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When I was in high school, I realized that I wanted to be a dentist. However, I did not have the slightest clue how I was going to get there. The journey to become a dentist involves a variety of steps. Dental schools are competitive, looking for well-rounded, compassionate, insightful candidates. Before you plan to matriculate into dental school, you must take the Dental Admission Test (DAT), score in the competitive range, and apply to schools of interest. If a school likes your application and feels that you are qualified, they will offer you an interview to determine if you are the right ‘fit’ for that particular school. Once admitted, you must complete another 4+ years of schooling in order to become a dentist. Daunting, right? As a high schooler, I was overwhelmed.
At Juniata College, I was fortunate to receive ample guidance which made this process simpler. In my first semester, I met with Dr. Jim Borgardt who was assigned as my academic advisor. Dr. Borgardt advises all of the pre-dentistry students at Juniata, which means that he knows a lot about the admissions process for dental school. We meet every semester, helping to track my progress and keep me on pace for my goals. He also is an awesome guy who has made my overall experience at Juniata a great one.(more…)
This blog post started as a “What I wish I had known before starting college,” but after staring at my screen for longer than I’d like to admit with no ideas popping forward, I’ve come to the conclusion that there’s nothing I really and truly wish I had known.
Some may say that they wish they had known who their friends were going to be, or how to study for a college exam, or how to pay their taxes, but I truly believe that everything I’ve learned between my senior year of high school and my senior year of college have shaped me into who I am. I would not be the person I am today without these formative learning experiences. Sure, it would have been so much easier on my GPA had I known how to study for a college exam, but learning through actually doing is what taught me things about myself that I didn’t know before and taught me how to deal with failure.(more…)
Most of us can agree on one thing- change is constant. Change across many industries and markets is leading to a surge of career opportunities in organizational leadership. Dominick Peruso, Chair of the Department of Accounting, Business, and Economics, states, “COVID-19 ushered in an era of need for systemic change and innovation within organizations. It has impacted everything from working remotely to employee recruitment. When you couple that with emerging issues in diversity, technology, and ethics, you can see why organizations are quick to hire experts in this area.”
Before COVID, many publications shared that organizational leadership careers would remain in demand across the corporate, education, government, and healthcare sectors through 2026. As a result of COVID, this outlook has grown – with many professionals citing a decade-long upward trend. The reason? We have fundamentally changed the way we do business. Everything has changed; how we communicate with our employees, where they work, how we develop them for career growth, and how we deal with disciplinary action situations. So many of our leaders are specialized. Leaders focusing on organizational leadership (OL) are trained to develop frameworks for an organization’s success.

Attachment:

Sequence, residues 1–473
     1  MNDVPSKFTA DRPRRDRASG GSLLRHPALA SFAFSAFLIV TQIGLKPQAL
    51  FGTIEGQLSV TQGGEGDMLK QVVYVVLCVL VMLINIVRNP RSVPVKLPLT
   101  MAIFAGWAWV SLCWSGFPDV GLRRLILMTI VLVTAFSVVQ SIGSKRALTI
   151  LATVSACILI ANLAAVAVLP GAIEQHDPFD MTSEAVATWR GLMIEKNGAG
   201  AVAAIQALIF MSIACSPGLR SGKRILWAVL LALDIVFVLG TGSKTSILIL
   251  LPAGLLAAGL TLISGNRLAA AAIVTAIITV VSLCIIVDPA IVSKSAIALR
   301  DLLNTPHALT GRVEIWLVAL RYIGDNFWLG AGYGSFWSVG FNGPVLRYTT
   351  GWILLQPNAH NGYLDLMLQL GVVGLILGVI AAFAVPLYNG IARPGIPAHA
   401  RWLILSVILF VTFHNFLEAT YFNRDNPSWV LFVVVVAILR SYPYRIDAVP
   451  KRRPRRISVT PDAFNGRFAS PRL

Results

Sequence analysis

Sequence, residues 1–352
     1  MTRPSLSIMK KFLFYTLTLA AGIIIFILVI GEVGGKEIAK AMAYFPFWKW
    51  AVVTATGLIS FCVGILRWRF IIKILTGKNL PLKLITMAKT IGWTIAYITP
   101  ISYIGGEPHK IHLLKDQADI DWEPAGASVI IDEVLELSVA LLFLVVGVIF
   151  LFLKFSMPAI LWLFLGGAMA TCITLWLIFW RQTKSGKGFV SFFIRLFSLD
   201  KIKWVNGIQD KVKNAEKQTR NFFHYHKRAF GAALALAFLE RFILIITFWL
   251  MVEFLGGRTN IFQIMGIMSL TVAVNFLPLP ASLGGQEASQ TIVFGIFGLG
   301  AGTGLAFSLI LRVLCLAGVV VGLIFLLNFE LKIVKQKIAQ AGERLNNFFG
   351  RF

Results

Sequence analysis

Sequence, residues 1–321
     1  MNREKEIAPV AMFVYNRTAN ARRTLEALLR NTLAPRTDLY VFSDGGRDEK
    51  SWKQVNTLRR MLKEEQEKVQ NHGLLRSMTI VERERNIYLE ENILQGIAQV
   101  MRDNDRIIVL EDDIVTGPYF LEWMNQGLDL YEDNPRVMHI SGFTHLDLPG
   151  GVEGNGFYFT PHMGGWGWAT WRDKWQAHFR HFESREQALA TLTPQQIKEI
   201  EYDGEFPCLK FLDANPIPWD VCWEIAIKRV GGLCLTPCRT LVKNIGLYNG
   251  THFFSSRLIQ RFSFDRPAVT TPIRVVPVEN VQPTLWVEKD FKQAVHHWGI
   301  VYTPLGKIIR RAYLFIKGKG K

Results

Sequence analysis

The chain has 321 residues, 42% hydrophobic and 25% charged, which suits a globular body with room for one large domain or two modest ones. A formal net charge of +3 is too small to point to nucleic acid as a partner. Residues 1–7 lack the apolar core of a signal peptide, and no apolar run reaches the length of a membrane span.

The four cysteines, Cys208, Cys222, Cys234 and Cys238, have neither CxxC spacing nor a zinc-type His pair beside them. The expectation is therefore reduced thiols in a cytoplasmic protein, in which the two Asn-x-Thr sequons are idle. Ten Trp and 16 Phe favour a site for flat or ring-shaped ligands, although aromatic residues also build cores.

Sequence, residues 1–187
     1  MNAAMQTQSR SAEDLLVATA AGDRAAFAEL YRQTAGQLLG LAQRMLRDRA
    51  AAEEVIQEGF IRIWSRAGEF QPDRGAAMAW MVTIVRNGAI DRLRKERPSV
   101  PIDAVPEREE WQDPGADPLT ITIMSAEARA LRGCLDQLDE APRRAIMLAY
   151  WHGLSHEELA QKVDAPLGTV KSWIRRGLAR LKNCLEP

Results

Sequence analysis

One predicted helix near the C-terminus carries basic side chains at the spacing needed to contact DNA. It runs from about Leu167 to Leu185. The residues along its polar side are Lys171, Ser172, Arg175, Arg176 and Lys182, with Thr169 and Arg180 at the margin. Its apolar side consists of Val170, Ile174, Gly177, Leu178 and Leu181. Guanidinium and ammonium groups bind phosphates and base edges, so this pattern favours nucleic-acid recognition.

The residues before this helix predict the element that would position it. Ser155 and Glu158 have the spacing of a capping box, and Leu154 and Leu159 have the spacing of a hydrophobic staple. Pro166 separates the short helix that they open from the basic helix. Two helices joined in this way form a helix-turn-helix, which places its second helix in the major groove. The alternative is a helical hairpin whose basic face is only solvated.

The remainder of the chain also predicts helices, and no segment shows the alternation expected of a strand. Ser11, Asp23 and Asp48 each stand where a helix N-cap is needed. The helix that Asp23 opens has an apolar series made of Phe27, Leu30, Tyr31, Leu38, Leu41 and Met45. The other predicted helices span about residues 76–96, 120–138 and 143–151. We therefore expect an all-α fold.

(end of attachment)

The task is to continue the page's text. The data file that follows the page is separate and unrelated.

So what does that mean in real life?(more…)
Every time I tell someone that I work in the admission office, I’m immediately met with the statement “Oh, so you’re a tour guide?” I have never once given a tour (the fear of getting embarrassingly out of breath walking up a hill makes this an incredibly unappealing endeavor to me). My role in the admissions office is much more behind the scenes where I work directly under two of our admission counselors here on campus (shoutout to Kat and Molly!). There is so much that happens in the admissions office beyond just giving tours and mailing out acceptances every spring. As a student working in the admissions office for the first time this year, here are 5 of the biggest things that I learned about admissions that I never knew before.
1. Admission counselors are people too
I know from my own college decision journey I never once thought about the people behind all of the college communications I was receiving for three years. It can be easy to picture a faceless person behind the computer sending you thousands of emails and letters, but it’s actually the opposite. The admissions team at Juniata is full of a wide range of personalities who are incredible people you get the chance to know – take advantage of them and all they have to offer!(more…)
In Pennsylvania, we recently saw Alison Beam succeed Dr. Rachel Levine at the Pennsylvania Health Department. Beam holds a Bachelor of Science in Health Policy and Administration and is just one example of the pathways available to those exploring a healthcare administration career.
The truth is the need for healthcare administration professionals exists across the nation, making it one of the upward trending career decisions in the United States.
Why all this growth and will it last?
The complications in healthcare, data, and artificial intelligence to drive decisions and an aging yet long-living population have driven the demands. Add to that all that we have learned during COVID-19, the expectations for growth are expected to continue well past 2030. People with a passion for healthcare administration and the right education are sought out by hospital systems, physician networks, nursing homes, home health agencies, and governmental positions. Consider compliance alone. As national administration changes every 4-8 years, so does the regulatory environment. Healthcare systems rely on administrators to ensure that they remain compliant while driving up quality care.(more…)